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Audra McDonald to shine at Schuster 10th anniversary gala


The last time Tony Award winner Audra McDonald came to Dayton, she serenaded voters in the basement of the Montgomery County Administration Building while she observed the early voting process on behalf of President Barack Obama’s re-election campaign.

Some fans recognized her and asked, astonished, “What are you doing here?”

McDonald’s next appearance in Dayton will be far more formal: Headlining the March 1 Gala Concert kicking off the yearlong celebration of The Benjamin and Marian Schuster Performing Arts Center. “It’s an honor,” she said. “Any time an arts center can thrive, it’s truly something to celebrate.”

Four million people have occupied the Schuster Center seats over the past 10 years, and many legendary figures have graced its stage, from Tony Bennett to Diana Ross to the late broadcaster Walter Cronkite, who emceed the inaugural gala on March 1, 2003.

McDonald, too, is coming off a great run. She married actor Will Swenson on Oct. 6, 2012, at their home in Croton-on-Hudson, N.Y. Four months earlier, she won the Tony Award for best lead actress in a musical for “The Gershwins’ Porgy and Bess” — one of only three performers, including Julie Harris and Angela Lansbury, to have won five performance Tonys, and the youngest performer, as well as the only African-American, to achieve that distinction. In her acceptance speech, an emotional McDonald recalled a “little girl with a pot belly, Afro puffs, hyperactive and overdramatic,” who found her home in the theater. She turned to her daughter, Zoe Madeline, and proclaimed, “This is an amazing night for Mommy, but Feb. 14, 2001, the day you were born, was the best night ever.”

Ken Neufeld, president and CEO of the Victoria Theatre Association, said that McDonald’s name was at the top of a very short list of candidates for the 10th anniversary Gala Concert. “She spans the appeal of not only our Broadway audience but our audience for the Philharmonic and the Opera, and she’s a great stage performer,” Neufeld explained. “It should be a very magical evening. We’re very lucky to see an artist at such a high level in her career. She’s clearly in the zone.”

McDonald has performed with the Dayton Philharmonic Orchestra twice before — at the Fraze Pavilion in 2000 and in May 2005, as part of the DPO Superpops Series. “She’s one of the really great voices — and great actors — of our time,” observed DPO conductor Neal Gittleman. “There aren’t many performers today who have her mix of charisma, stage presence and artistry. We’re lucky to have her coming for the Schuster Center anniversary celebration and her set list for this show is filled with great songs — some that everyone knows and many lesser-known classics from great Broadway shows and Hollywood films.”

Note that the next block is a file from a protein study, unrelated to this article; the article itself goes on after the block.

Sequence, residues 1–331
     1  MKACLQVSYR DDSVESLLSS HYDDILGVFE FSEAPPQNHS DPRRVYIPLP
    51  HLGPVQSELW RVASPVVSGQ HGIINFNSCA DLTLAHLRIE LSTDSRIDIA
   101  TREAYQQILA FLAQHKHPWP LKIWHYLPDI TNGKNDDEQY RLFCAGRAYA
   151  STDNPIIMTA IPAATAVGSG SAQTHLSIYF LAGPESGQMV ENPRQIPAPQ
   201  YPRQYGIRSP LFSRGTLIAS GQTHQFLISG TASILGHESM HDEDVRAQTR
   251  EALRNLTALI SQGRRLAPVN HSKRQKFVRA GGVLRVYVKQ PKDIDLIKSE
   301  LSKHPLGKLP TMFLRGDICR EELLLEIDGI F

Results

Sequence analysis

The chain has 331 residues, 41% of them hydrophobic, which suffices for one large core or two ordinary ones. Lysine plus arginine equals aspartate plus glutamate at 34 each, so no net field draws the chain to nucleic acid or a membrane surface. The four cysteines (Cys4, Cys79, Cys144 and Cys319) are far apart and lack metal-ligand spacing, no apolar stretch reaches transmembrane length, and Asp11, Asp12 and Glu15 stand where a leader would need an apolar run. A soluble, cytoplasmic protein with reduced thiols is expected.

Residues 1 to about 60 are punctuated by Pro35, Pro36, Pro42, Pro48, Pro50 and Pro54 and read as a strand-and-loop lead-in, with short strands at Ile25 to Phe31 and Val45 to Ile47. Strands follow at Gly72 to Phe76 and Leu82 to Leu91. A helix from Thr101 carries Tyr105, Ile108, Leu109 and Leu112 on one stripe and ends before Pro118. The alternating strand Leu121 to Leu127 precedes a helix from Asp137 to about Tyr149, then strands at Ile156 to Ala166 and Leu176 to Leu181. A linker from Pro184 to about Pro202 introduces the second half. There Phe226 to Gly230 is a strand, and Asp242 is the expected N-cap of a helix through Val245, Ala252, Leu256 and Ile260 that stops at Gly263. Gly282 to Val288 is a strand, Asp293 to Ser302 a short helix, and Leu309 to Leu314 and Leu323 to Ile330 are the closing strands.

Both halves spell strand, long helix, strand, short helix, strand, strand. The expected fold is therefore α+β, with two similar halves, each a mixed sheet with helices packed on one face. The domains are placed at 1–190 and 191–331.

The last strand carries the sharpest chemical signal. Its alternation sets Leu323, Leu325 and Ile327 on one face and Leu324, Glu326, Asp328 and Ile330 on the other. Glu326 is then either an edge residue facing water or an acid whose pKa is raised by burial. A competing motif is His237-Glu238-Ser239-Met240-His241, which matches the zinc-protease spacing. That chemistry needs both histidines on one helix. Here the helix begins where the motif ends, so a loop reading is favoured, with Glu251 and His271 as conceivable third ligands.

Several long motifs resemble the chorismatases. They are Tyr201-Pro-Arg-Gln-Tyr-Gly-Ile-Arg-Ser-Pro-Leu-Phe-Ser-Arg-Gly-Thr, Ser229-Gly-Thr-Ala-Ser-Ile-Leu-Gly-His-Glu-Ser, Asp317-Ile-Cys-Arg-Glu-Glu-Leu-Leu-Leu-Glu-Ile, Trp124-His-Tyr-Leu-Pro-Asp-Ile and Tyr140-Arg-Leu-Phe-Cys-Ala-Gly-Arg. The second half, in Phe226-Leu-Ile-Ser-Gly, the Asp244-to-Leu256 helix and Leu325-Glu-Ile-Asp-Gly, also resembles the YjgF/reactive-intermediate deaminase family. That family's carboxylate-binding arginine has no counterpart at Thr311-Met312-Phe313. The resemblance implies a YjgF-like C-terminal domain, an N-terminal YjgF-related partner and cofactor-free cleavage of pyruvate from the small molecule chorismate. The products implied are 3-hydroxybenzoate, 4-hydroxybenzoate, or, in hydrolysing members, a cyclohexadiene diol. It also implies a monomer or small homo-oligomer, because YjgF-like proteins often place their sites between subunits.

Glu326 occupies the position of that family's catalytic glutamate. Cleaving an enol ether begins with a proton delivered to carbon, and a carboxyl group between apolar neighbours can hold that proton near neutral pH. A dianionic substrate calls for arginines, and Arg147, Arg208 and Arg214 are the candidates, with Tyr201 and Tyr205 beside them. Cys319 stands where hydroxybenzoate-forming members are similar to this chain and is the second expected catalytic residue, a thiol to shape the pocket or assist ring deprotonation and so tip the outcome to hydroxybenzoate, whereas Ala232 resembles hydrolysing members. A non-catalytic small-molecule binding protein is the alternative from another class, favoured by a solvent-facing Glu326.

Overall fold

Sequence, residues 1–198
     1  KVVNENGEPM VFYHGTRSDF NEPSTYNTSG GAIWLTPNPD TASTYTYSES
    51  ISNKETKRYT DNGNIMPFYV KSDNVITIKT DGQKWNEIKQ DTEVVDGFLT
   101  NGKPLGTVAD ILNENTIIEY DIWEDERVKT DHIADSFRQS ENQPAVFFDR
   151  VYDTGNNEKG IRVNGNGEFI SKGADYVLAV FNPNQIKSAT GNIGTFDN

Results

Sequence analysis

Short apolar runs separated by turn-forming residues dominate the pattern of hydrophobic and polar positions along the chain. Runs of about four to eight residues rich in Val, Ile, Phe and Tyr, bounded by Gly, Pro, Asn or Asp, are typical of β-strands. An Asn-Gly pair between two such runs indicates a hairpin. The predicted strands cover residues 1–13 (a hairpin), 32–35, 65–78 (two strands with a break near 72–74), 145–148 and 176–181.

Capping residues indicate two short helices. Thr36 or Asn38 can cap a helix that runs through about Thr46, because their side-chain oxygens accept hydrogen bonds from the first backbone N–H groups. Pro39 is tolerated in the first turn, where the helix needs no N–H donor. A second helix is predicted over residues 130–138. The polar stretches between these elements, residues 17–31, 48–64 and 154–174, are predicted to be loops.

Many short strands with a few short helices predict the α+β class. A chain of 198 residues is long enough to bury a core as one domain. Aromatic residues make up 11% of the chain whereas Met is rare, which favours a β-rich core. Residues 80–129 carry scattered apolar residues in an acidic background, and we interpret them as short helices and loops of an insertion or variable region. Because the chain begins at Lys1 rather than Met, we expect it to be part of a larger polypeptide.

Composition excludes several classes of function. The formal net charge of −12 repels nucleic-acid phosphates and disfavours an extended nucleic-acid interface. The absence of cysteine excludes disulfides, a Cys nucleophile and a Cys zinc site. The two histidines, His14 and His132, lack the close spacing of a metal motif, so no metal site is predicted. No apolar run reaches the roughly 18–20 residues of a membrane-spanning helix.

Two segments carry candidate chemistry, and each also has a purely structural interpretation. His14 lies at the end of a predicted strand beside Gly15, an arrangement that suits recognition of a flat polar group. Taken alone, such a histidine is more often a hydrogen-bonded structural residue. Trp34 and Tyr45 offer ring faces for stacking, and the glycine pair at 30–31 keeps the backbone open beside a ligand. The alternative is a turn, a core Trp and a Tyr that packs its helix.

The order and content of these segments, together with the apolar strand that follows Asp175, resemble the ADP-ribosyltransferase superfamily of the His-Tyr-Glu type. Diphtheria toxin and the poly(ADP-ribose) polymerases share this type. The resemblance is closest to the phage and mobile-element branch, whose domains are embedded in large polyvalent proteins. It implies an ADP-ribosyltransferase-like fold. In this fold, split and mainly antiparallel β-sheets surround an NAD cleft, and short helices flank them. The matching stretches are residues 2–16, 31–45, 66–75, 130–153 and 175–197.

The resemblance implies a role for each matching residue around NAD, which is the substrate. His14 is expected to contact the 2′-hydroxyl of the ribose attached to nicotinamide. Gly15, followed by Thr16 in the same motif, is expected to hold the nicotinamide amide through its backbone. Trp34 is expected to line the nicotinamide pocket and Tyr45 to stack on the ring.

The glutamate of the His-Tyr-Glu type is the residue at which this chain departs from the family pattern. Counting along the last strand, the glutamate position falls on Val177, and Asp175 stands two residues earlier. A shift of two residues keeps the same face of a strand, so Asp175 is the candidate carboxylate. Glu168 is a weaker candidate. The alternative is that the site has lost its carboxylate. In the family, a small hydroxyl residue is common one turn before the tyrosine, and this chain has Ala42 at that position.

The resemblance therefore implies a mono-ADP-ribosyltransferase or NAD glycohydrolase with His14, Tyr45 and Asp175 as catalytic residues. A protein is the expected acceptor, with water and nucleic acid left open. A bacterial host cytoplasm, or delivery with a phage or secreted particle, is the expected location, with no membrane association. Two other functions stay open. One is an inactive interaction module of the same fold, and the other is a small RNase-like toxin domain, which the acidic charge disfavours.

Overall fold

McDonald, who is known for her gorgeous soprano voice, also has enjoyed an extensive television career. She recently was named host of The PBS series “Live from Lincoln Center,” and she starred as Dr. Naomi Bennett in the ABC television series “Private Practice.” Her versatility, she admits, can be a curse as well as a blessing: “It’s very, very difficult to juggle all those roles, and my agents are constantly pulling their hair out. I do it because of the opportunity for growth and creative experimentation.”

McDonald was only a year out of Juilliard School when she skyrocketed to stardom on the Broadway stage, winning a Tony in 1994 for her performance as Carrie Snow in the revival of “Carousel” at Lincoln Center Theater. Some directors might not have cast a black actress in the role, she said, but director Nicholas Hytner didn’t see such barriers. Nearly 20 years later, too few directors are open to non-traditional casting, McDonald lamented: “Ninety percent of the African-Americans on Broadway are portraying African-Americans.”

She encourages young people to pursue their dreams of life in the theater. After all, her own parents, while highly supportive, never considered her musical aspirations a ticket to stardom. “They saw it as a way to channel my energy and dramatic tendencies,” she said. “So, absolutely, say yes to yourself. Get involved with your high school play or the community theater. The experience of the theater is the same, whether it’s at the local Y or the Metropolitan.”

McDonald has become a passionate advocate for marriage equality and for gay rights. She sees it as the civil rights movement of our time. She’s making Broadway history, but a mere two generations ago it was illegal for her great-uncle to marry his wife, a white woman. “Somebody marched for me,” she explained. “I have certainly been a beneficiary of the civil rights movement, and I want to do my part.”

Despite her amazing success, McDonald never takes her audience for granted. “Every night, you strive to top yourself,” she said. “You need to surprise and delight your audience.”



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